Just under a third of the corals in the proposed construction site for a new cruise berthing facility in George Town harbor could be relocated, according to a marine consultant’s survey.
The survey, involving scientific divers and sonar imaging of the sea floor, was commissioned to get a more precise estimate of the number of corals that would be impacted by the project.
The report concludes that around 391,000 hard corals and 61,000 soft corals will be affected over 11 acres.
The consultant, Continental Shelf Associates, also delved into the issue of potential mitigation measures, estimating that just under a third of the corals would be candidates for relocation. They gave no estimate of the likely cost.
The government caucus, meantime, was presented with the findings of the completed Outline Business Case on Monday. Consultants PwC have been working on an update to their initial report, expected to include refined estimates of the cost of building the dock, the likely funding method and the positive and negative economic impacts of the project.
Environment Minister Wayne Panton said the caucus has not yet made a decision.
“It was discussed, but there was no vote. We have only just been presented with the up-to-date documentation, so there was no opportunity to read, absorb and understand what has been put forward.”
It is not clear whether the final business case will be released to the public before a decision is made. The Benthic Habitat Survey report was completed some time ago but was not released publicly until Tuesday. The report was commissioned amid concern from pro-port advocates that the original environmental impact assessment had overestimated the amount of coral habitat in the harbor.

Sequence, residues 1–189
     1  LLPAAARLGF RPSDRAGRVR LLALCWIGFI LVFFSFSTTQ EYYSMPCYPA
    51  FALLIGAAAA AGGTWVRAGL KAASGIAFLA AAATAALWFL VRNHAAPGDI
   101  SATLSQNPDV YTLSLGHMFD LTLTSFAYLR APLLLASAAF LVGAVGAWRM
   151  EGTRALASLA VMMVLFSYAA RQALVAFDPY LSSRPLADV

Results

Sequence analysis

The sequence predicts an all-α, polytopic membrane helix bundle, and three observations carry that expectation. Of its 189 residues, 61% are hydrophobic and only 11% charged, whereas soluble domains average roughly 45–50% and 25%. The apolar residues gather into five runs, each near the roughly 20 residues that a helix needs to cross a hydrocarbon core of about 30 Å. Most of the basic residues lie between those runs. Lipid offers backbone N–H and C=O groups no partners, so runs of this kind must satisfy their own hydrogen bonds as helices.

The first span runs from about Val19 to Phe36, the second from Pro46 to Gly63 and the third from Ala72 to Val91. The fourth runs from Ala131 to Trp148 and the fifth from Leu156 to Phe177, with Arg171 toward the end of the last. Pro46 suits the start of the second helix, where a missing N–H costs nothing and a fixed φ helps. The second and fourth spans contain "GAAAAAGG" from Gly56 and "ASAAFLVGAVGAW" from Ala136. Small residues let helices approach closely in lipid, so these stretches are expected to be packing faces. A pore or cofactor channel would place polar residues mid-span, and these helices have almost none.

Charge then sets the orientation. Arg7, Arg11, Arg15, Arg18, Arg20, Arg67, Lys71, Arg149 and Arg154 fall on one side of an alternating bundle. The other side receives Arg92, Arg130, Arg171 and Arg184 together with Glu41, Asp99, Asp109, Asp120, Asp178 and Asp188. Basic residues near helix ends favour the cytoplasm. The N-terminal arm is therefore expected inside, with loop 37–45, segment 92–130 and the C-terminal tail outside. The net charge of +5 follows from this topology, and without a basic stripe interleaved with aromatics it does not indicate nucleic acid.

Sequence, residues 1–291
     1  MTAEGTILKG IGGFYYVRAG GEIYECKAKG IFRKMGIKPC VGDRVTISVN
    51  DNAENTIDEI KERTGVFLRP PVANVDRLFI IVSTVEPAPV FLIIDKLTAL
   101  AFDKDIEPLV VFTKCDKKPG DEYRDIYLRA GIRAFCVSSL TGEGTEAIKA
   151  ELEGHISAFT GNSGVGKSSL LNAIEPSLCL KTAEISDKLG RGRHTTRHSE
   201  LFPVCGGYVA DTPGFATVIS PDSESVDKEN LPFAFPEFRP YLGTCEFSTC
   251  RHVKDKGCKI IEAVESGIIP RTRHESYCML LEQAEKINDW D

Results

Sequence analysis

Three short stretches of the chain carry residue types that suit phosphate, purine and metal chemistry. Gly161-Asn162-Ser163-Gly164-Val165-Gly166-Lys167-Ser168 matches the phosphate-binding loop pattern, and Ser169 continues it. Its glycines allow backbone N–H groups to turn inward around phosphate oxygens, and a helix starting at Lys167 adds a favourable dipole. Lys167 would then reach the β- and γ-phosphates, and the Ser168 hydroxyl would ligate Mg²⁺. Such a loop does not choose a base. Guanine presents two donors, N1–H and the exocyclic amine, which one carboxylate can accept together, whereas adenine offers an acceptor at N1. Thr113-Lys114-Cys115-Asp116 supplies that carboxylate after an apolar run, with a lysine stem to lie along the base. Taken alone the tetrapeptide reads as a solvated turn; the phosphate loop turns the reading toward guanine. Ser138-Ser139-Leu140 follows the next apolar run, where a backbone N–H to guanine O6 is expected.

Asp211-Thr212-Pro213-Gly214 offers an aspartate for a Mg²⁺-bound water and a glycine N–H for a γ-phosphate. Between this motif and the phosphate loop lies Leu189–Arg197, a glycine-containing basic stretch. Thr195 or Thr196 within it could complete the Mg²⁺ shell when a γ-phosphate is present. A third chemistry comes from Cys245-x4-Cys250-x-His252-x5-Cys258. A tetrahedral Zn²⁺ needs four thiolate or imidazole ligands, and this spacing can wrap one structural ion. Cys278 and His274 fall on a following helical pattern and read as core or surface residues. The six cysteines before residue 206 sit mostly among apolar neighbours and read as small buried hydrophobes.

“This survey is both necessary and timely, particularly in light of the differing views and opinions about precisely what exists within the area of impact and how it could potentially be affected if the project proceeded,” Tourism Minister Moses Kirkconnell said in a press-release accompanying the report.
The original environmental impact assessment estimated that approximately 15 acres of coral reef habitat would be directly impacted by the project.
The new consultants had a remit to collect more precise data, said Mr. Kirkconnell, describing their research as “like looking at the area through a magnifying glass.”
The report indicates that 391,001 hard corals and 61,291 soft corals are estimated to be at risk from the dredging and land reclamation activities. Of these, more than 116,800 hard corals and more than 17,000 soft corals could be relocated, the report states. The rest were deemed to be too small to move.
“Coral translocation would probably be the primary mitigation option for … reducing [the] impacts associated with the berthing project,” the consultants wrote. “Coral translocation, if done properly, can significantly reduce the loss of coral tissue and the ecological services provided by corals.”
The consultants indicated that they were involved in previously successful coral relocation projects, though on a smaller scale.
The report makes no mention of the potential relocation of the Balboa shipwreck or where the corals would be relocated. The original EIA consultants estimated the cost of relocating coral at a minimum of $13 million.
Mr. Kirkconnell said the Benthic Habitat Survey report provided more valuable objective data for government to review in making a decision.
“This is the largest project ever being considered for our islands and government has a responsibility and duty of care to ensure that our collective decision is based on sound scientific evidence, not speculation or impassioned pleas, however well intended those might be.
“When Cabinet convenes to make its decision on the cruise piers, it must be able to do so with full confidence that all of the relevant facts and information have been sourced and objectively presented for consideration,” he said.